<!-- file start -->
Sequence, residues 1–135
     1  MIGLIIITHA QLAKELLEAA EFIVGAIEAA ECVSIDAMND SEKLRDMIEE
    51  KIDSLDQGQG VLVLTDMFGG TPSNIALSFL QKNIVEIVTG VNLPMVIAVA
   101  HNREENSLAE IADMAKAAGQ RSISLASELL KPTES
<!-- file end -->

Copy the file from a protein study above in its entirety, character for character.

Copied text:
Sequence, residues 1–135
     1  MIGLIIITHA QLAKELLEAA EFIVGAIEAA ECVSIDAMND SEKLRDMIEE
    51  KIDSLDQGQG VLVLTDMFGG TPSNIALSFL QKNIVEIVTG VNLPMVIAVA
   101  HNREENSLAE IADMAKAAGQ RSISLASELL KPTES